30 November 2010

Rancho Santa Ana del Chino and Carbon Canyon: A Rare Tidbit about Chino's Indian Community

Back on 26 May, there was a post about the native aboriginal peoples (that is, Indians) of what became the Rancho Santa Ana del Chino and, specifically, the village of Pasinog-na, which probably was at or near the site of the Chino Ranch headquarters, now Boys Republic in Chino Hills.

The only source for that village name came from Hugo Reid, a native of Scotland who migrated to California in the ealry 1830s and was married to Victoria, a native woman from what became known as the Gabrieliño tribe of Indians who populated the general Los Angeles Basin and surrouding areas.  Reid was a keen student of the customs, traditions and practices of the Gabrieliño, compiling a body of information that would have been lost if not published.

This happened in a series of twenty-two "letters" penned by Reid and published in the first newspaper of Los Angeles, the Star, which was issued weekly on Saturdays.  Reid's letters started on 21 February 1852 and continued until the summer (they were reprinted in 1868 by the same paper, as well.)  The reaction they had was such that the first federal Indian agent in the region, Reid's friend, Benjamin D. Wilson, relied heavily upon them for his published report on the Indian community, also completed in 1852 (and recently published in paperback form by the Huntington Library, which is on land formerly owned by Wilson.  Incidentally, Reid's ranch is now the site of the Los Angeles County Arboretum in Arcadia.)

Of great interest is the fact that the last ten of the letters, which dealt with the controversial question of the treatment of the Indians by the Spanish missionaries and others, disappeared.  Presumably, they were in the hands of Reid's widow, but it was said that they were suppressed because of the negative connotation put upon the Roman Catholic missionaries.  Among this material is a brief mention of the Rancho Santa Ana del Chino.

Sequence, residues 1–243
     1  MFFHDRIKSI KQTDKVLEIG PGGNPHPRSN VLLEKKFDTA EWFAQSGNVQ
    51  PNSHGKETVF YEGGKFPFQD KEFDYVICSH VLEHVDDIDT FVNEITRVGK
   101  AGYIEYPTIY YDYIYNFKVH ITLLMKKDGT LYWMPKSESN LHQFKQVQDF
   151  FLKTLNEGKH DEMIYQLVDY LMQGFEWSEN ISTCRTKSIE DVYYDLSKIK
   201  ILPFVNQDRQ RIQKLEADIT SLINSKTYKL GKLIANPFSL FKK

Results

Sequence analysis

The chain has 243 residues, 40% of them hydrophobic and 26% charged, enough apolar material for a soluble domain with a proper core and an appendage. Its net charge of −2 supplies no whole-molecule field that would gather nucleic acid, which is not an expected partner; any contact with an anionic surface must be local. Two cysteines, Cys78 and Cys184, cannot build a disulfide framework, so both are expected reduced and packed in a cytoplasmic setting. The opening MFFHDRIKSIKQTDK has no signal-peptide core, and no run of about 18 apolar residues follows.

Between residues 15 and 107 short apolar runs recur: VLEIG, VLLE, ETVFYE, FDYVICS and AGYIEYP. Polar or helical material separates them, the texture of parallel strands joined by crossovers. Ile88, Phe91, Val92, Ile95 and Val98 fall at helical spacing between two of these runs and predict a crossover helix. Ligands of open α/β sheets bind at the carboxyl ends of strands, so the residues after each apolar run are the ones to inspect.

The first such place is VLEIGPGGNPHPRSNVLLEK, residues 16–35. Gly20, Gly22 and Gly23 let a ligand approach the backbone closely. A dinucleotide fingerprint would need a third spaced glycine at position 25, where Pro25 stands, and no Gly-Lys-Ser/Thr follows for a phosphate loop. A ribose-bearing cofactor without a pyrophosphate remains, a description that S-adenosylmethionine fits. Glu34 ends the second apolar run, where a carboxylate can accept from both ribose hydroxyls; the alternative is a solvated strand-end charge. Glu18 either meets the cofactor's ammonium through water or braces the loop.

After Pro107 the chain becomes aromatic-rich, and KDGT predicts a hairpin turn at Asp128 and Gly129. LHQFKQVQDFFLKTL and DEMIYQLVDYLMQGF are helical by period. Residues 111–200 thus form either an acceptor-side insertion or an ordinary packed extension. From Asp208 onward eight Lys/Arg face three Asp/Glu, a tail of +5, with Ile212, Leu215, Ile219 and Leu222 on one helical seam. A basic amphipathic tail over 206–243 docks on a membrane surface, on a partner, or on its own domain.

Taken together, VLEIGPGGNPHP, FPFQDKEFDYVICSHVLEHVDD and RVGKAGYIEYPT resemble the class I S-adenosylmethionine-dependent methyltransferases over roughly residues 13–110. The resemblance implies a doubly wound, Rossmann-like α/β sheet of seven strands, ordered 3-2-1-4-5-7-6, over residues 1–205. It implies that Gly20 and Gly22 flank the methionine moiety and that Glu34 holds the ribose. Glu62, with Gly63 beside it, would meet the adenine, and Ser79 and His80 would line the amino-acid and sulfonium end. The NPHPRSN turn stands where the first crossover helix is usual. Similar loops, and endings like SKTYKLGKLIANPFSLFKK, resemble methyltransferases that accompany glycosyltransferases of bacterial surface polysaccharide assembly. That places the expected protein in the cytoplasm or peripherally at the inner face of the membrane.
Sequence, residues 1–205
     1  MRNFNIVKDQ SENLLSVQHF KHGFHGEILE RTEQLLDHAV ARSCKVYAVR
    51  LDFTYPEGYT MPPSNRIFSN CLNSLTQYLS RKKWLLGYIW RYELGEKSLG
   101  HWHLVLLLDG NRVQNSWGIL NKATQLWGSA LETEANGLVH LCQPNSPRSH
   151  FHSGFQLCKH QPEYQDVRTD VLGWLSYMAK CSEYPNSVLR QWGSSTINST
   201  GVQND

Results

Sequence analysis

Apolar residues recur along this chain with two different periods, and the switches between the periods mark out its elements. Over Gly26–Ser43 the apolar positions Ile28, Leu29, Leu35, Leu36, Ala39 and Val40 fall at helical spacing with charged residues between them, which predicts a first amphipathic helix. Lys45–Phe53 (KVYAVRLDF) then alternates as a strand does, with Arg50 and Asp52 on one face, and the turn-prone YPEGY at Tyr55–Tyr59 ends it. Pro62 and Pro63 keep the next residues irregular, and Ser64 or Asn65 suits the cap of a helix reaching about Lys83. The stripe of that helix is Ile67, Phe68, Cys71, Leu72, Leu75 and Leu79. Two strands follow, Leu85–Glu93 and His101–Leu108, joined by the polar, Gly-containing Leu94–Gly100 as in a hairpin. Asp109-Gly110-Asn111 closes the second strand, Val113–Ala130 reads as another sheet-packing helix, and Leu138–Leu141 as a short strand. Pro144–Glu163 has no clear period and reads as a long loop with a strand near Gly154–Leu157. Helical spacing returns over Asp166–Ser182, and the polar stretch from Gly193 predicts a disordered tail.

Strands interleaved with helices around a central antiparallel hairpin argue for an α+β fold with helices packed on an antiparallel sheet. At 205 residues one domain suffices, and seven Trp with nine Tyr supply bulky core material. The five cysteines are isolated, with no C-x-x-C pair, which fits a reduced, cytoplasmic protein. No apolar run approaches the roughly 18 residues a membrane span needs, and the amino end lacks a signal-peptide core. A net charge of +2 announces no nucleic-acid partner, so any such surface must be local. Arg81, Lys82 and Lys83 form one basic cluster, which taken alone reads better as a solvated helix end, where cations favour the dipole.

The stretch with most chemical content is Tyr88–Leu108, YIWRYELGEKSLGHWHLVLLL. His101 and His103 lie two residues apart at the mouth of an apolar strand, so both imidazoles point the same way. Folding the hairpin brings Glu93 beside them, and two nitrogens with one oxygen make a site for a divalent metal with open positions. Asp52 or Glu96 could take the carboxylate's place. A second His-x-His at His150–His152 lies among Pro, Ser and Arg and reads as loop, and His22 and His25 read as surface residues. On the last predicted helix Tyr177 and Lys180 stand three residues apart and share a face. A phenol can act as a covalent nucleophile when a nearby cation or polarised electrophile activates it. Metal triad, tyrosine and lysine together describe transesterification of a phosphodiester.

The reference comes in letter seventeen, titled "Conversion."  In it, Reid stated that "the text is related by the old Indians, or as noted by the writer himself," although there were no dates given.  The negativity came out in such statements as "when the priest came to found the mission [San Gabriel], he brought a number of vagabonds, under the name of soldiers, to carry out the proposed plan."  Reid goes on to say that because baptisms and their ritual were not understood by the recipients [Indians], they "can hardly be said to be a conversion."  Indeed, he continued, the Indians "had no more idea that they were worshipping God than an unborn child has of astronomy."  To these "converts," he went on, their "religion, as Catholics, consited in being able to cross themselves, under an impression it was something connected with hard work and still harder blows [that is, corporal punishment]."

Reid also observed that "we are, of course, unable to say that the severe measures adopted emanated from the priest; still there can be no doubt he either winked at the means employed by his agents, or else he was credulity personified!"  Consequently, because Indians could not officially be coerced into conversion, "part of the soldiers of servants proceeded on expeditions after converts."  The narrative then stated:

On one occasion they went as far as the present Rancho del Chino, where they tied and whipped every man, woman and child in the lodge [village], and drove part of them back with them.  On the road they did the same with those of the lodge at San José [present Pomona area].  On arriving home [San Gabriel] the men were instructed to throw their bows and arrows at the feet of the priest, and make due submission.—The infants were then baptized, as were also all children under eight years of age; the former were left with their mothers, but the latter kept apart from all communication with their parents.  The consequence was, first, the women consented to the rite and received it, for the love they bore their offspring; and finally the males gave way for the purpose of enjoying once more the society of wife and family.

Reid went on to state that the Indians did not, originally, revolt or resist due to surprise and astonishment over this treatment and that "a strange lethargy and inaction predominated afterwards.  All they did was to hide themselves as they best could from the oppressor."

As said above, the idea of missionary mistreatment of Indians is a controversial one, made more so by efforts in recent decades to elevate Father Junipero Serra, founder of the early missions, to sainthood.  Indeed, this blogger has just finished an anti-Serra work called The Missions of California: A Legacy of Genocide.  A review is not the intent here, but the Reid reference to Rancho Santa Ana del Chino is either a slander by someone who was born a Protestant in Scotland and may have, therefore, had a preexisting negative opinion of Roman Catholics or a rendering of a statement, as he claimed, "related by the old Indians."

In any case, this is a rare example of a reference to the native aboriginal people of the Chino Rancho and worthy of remembering in the history of the area.

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